• So you can understand how this story in Acts might come as a bit of a shock, and why there would be a healthy dose of criticism from folks who had been bound by tradition for over half a millennia. And their concern wasn't about baptism, but it was about Peter's association at all
    • But notice Peter's journey:
      • He begins by prayer - seeking discernment. Joppa is still a port city, so one can imagine people from all over the Mediterranean would be there.
      • And he finds himself caught in a vision that directly challenges the long term cultural norms of him and his people
      • Then immediately afterwards, he has the chance to test out this change.
        • He is still leaning on discernment - this time from the Spirit, encouraging him to make no distinctions.
        • And moreover, he follows the Spirit's lead for expansion. In the Gk, the word for "distinction" can also have a sense of hesitation - holding back because of insecurity. But he goes.
        • He's present, in such a low-risk way, truly: he just eats and speaks with others. But it has major implications for the nascent church.
    • When he finishes, I think the final conversation is what truly turns this conversation around
      • "If God gave them the same gift that he gave us when we believed in the Lord Jesus Christ, who was I that I could hinder God?"
      • Then the others reply that God has given even to the Gentiles metanoia - reconsideration.
        • But that metanoia isn't just for the Gentiles here, but it seems for the apostles as well.
        • There is now new life in church later - immediately after this, we witness the start of the first truly mixed Jew and Gentile congregation in Antioch.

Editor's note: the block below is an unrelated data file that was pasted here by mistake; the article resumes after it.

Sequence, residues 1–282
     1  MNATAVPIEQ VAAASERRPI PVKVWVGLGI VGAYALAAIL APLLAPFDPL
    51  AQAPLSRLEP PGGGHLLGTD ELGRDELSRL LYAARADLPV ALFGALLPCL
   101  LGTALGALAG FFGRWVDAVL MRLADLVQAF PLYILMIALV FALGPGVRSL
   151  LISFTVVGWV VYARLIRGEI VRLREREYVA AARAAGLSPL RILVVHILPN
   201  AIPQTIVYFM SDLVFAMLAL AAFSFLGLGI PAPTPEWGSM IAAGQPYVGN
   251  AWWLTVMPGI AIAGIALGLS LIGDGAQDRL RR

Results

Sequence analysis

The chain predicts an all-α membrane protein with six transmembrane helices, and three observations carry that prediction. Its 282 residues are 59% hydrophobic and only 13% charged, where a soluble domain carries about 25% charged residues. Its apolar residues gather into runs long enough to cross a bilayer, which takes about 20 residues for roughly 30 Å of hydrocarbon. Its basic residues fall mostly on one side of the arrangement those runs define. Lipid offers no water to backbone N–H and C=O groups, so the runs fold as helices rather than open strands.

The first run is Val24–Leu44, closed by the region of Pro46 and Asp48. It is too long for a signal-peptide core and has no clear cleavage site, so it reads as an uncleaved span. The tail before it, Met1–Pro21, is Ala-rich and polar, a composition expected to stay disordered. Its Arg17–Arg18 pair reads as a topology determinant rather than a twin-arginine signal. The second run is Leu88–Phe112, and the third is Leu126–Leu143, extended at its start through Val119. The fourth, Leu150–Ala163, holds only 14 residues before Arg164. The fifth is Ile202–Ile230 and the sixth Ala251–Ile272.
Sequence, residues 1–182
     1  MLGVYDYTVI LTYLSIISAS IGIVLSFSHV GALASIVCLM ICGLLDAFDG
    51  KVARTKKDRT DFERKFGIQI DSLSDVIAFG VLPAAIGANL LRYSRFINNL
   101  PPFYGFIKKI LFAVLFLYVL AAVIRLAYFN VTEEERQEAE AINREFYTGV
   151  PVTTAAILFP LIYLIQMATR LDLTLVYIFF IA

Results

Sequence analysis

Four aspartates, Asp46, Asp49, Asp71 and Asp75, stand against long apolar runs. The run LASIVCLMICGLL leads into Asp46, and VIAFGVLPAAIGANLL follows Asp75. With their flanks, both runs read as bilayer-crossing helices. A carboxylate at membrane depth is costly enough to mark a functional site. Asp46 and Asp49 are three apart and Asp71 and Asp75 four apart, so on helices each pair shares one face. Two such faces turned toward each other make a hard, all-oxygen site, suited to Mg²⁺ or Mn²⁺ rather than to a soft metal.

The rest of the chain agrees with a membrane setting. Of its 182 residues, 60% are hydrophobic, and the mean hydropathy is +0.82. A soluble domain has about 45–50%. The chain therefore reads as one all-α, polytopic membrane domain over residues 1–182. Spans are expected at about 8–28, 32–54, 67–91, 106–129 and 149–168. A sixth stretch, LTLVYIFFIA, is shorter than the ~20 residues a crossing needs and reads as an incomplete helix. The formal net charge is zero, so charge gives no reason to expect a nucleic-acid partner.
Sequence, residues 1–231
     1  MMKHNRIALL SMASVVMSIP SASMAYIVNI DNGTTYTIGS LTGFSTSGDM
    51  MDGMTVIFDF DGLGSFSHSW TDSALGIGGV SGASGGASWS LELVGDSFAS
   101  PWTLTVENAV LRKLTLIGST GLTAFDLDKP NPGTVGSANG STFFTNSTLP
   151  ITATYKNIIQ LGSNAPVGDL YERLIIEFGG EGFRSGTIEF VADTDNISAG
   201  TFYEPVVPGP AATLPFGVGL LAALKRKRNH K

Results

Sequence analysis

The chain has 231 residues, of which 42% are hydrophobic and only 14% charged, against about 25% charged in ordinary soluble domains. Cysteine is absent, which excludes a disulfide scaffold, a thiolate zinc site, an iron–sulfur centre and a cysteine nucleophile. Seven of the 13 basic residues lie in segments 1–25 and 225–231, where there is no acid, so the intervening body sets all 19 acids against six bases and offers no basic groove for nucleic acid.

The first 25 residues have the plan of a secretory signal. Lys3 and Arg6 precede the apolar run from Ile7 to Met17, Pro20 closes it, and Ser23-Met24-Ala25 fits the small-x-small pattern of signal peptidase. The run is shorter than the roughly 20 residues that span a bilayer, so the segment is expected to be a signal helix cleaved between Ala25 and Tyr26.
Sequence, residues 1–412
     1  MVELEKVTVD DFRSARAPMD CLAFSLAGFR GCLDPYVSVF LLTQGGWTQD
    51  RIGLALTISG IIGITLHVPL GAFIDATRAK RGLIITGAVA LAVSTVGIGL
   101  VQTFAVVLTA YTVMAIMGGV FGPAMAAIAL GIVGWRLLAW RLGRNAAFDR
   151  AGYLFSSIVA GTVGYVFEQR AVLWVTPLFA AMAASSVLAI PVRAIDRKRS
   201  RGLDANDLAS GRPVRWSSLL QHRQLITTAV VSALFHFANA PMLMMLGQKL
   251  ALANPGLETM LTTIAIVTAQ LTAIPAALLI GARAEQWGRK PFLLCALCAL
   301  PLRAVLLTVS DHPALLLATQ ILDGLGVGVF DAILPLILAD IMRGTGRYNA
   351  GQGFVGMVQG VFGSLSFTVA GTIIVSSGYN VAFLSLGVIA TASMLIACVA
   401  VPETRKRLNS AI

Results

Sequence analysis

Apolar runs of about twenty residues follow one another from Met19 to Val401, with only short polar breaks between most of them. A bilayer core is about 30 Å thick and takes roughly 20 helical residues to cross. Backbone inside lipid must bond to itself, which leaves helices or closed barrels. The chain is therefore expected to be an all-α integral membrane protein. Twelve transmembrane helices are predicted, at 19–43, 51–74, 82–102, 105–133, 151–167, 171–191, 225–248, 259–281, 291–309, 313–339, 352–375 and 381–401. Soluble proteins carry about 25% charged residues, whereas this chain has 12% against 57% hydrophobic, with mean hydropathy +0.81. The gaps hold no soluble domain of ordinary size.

• I think it's so easy for us to spend time getting caught up in Peter's point - who are we that we think that we could hinder God? There's always a rabbit hole of guilt and frustration there.
  • But I wonder instead what it's like to consider more the silence and the praise.
  • Clearly, we have a vision: What Jesus gives us in John 13 is a vision of agape, deep love to one another.
    • While the disciples would not have had the visibility of a movement like in Acts 11, we can.
    • What kind of boundaries can that agape love transgress? I think about that a lot as we continue to live in a world that digs its heels in about broken human traditions that span even less time yet with greater recalcitrance. At what point is there discernment from the Spirit that invites us not to hesitate because of insecurity and just go to be with?
  • There is a bifold praise here, then, should we be willing to transgress those boundaries we now keep even though God has broken them
    • Both for the person outside these boundaries: the Holy Spirit dancing upon them
    • But also for those who were already there: we celebrate God's expansion to another group that allows them to change their hearts and follow Christ's call to agape love themselves.
    • And lest we think that means that the only way to share that celebration is to conform - Paul is very clear in his book to the Galatians that things like circumcision of Gentiles was not necessary any longer.
  • When we consider texts like today, I don't know how else to be but to have as fully inclusive of a stance as we can.
    • I don't see that as a political statement, but as a pastoral one. If a moment truly is a movement, then it stands to reason that there are others from all over who will join along side. Folks who may not conform to earlier norms, but we can celebrate as they join us.
    • We aren't trying to shape them into a particular mold, but we all together continue to understand what metanoia is that leads us to life, to flourishing for all.
    • It may mean that we deal with some shared criticism together - and that's natural and reasonable.
    • But we have to ask ourselves if we are actively discerning God's voice, God's vision, and the Spirit's movement within us. If not, then we won't be in the Joppa's of the world to wait to be called.